Neill Blomkamp is once again blazing a new trail in the film industry. It has been nearly eight years since Blomkamp revitalised the science-fiction genre with District 9, and now he is seeking to reach audiences directly by releasing his latest series of short films online. The series of shorts are a product of Blomkamp’s new experimental incubator, Oats Studios. After completing three feature films within the last decade, Blomkamp felt the need for a creative space where a variety of ideas could be explored and produced, with the added benefit of having instant audience interaction that would allow him to see which ideas prove popular. If there is considerable interest in a particular short film, the story world could be developed further into a feature length film. The idea behind Oats Studios was to house the entire production process, from post-production and visual effects to production design and legal work, all under one roof. The incubator has been running for the past two years, employing approximately 35 people on a daily basis. Although Blomkamp intends to return to making feature films in the near future, having already signed on to direct an adaptation of The Gone World, he has also stressed the need for having alternative outlets for his creativity. “That’s where the thing with Oats is interesting. It’s this place where you can go from making massive films like ‘The Gone World’, which are traditional in the sense that they are released to theatres. But I wanted the other 50 percent of my life to be a creative sandbox, and see how those two things interact with...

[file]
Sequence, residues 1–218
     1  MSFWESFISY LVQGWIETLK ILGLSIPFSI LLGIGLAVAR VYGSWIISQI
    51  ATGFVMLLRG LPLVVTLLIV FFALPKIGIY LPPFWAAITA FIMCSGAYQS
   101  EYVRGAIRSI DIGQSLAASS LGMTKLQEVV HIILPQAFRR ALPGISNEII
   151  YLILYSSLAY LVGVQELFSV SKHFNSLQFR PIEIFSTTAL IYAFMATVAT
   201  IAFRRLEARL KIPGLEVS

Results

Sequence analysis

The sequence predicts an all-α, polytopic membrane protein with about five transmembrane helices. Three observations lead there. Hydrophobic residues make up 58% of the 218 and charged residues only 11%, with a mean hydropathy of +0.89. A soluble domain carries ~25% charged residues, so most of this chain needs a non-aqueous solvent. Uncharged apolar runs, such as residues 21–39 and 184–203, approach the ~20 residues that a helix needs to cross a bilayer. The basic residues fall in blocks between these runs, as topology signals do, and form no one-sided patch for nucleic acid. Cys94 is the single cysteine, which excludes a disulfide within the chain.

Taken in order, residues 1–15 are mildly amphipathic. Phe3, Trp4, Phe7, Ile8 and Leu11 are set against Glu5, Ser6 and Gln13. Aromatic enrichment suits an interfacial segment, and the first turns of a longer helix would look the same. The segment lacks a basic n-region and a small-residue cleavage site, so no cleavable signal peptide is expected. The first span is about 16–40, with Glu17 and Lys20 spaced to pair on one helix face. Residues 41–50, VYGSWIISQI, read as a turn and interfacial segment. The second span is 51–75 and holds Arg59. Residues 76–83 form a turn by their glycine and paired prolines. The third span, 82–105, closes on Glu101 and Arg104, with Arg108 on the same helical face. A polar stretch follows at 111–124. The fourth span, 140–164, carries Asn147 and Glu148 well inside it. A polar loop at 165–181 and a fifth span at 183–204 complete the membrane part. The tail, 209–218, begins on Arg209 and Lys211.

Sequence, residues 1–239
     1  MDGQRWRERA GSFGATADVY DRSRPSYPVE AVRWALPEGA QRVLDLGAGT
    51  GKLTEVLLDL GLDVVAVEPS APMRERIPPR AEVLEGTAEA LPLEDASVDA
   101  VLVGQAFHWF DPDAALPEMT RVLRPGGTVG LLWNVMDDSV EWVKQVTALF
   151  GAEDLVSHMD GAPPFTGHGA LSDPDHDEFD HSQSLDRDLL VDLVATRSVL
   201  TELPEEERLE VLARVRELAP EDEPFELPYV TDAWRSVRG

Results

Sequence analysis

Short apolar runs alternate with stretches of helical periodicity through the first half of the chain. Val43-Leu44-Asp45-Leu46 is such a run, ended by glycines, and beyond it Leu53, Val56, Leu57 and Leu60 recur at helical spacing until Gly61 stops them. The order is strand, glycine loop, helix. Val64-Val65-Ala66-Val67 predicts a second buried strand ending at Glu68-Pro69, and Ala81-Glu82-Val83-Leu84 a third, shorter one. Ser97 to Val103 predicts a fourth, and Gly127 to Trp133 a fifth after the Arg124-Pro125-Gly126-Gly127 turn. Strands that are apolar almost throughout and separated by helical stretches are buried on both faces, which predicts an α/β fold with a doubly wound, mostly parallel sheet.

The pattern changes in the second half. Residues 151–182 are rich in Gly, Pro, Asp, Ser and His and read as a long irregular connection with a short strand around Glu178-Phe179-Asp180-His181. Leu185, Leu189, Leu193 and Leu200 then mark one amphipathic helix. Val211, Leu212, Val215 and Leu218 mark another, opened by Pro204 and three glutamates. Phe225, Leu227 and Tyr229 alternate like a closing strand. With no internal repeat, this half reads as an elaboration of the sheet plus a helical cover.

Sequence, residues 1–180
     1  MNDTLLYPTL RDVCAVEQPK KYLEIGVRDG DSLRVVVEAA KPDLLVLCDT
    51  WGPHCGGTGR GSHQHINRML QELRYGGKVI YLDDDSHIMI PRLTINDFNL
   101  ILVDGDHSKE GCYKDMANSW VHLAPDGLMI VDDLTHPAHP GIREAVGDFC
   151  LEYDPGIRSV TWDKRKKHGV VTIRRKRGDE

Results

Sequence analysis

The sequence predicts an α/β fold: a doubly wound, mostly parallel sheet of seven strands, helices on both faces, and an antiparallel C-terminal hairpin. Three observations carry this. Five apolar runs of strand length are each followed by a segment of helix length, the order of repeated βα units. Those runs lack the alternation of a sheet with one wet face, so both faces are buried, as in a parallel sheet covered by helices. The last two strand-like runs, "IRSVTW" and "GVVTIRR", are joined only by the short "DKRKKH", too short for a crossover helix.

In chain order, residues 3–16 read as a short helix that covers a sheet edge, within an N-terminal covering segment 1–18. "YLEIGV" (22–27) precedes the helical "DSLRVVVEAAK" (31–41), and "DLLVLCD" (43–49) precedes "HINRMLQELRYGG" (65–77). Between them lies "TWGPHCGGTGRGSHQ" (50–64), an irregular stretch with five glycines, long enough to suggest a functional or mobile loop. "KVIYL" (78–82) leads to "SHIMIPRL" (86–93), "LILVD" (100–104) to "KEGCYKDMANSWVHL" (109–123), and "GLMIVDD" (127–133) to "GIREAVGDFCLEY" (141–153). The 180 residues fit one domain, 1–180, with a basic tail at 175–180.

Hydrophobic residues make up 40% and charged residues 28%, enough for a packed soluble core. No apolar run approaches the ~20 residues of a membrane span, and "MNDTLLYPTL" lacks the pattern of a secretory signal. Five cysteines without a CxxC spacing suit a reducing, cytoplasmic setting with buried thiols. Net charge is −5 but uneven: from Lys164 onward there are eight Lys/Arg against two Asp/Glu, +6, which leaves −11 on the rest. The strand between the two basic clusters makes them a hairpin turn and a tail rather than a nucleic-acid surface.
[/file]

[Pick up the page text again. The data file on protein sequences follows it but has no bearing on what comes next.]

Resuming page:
Mannequin @ Cannes 2017